Dermot Desmond’s Daon will know all about us, yet we know nothing of it

Caveat: Biometrics firm used by banks harvests personal data yet is cloaked in secrecy

Dermot Desmond: Biometric software firm Daon is his masterpiece and perhaps the most significant company the billionaire has ever built. Photograph: Peter Morrison/Inpho

Dermot Desmond: Biometric software firm Daon is his masterpiece and perhaps the most significant company the billionaire has ever built. Photograph: Peter Morrison/Inpho

 

“The bill? No problem, I’ll get that for you now. I do hope you enjoyed your lunch. Would you like to pay by cash, card or selfie?”

This is where the world is heading, and soon. The age when biometric data such as iris scans, fingerprinting and facial or vein recognition are used for everyday commerce is upon us. And Dermot Desmond is at the heart of it.

His Daon technology company was this month selected by Visa to provide the biometric software for Visa Intelligence ID, a new global platform for card issuers (banks) to adopt space-age technology to provide authentication for consumers.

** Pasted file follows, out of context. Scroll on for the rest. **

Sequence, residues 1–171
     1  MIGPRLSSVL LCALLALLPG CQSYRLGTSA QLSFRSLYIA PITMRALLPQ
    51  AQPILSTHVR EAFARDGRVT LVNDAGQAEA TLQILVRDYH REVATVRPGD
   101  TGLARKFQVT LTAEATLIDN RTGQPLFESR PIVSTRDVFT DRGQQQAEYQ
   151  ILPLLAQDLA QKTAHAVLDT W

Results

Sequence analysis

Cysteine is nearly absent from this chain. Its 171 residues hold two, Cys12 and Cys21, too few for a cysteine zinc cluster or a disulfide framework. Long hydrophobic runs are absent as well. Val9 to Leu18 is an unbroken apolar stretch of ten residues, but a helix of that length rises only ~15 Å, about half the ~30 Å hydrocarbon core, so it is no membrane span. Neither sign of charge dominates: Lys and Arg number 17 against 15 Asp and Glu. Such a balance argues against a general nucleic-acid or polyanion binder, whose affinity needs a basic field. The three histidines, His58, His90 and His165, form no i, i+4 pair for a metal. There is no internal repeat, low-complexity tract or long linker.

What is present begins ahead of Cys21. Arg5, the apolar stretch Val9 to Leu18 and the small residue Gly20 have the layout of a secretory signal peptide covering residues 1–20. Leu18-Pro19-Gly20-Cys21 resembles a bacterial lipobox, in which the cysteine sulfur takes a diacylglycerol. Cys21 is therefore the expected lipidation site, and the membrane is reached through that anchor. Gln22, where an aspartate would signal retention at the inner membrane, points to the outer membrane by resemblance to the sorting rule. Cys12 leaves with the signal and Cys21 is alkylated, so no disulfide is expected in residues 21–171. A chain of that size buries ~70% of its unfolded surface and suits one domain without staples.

It is a massive contract. Daon already provides similar software for MasterCard’s Identity Check system. It also works directly with banks globally, such as Atom, the UK’s digital challenger bank, and USAA, a US bank derived from the Automobile Association, and even Union Bank in the Philippines.

No Irish institutions, yet. But if you can’t even trust an Irish bank to keep you on the right tracker mortgage rate, could you really trust it to securely store a scan of your eyeball or the veins beneath your fingerprint?

Daon has already picked up some work from the State, however. It has provided self-service passport kiosks at Dublin Airport and, last month, it was reported that Daon is working with the Government on the controversial public services card.

The Government has denied that it is processing biometric data on citizens. But the die is cast. We all know where the world is going.

Just look at the sort of biometric work that Daon has done for other governments around the globe – airport traveller recognition systems, identity cards, employee biometric identification systems. You’re looking at your future.

Pretty soon, Daon could know everything about many of us. It will know the sound of our voices, the colour of our eyes, our fingerprints, the individual sprawl of our veins.

Yet we know next to nothing about Daon.

Secretive

Desmond is notoriously secretive about his activities, at least when it comes to the media and general public. Daon, an unlimited company, is headquartered at the International Financial Services Centre but its activities are hidden behind a slew of offshore companies.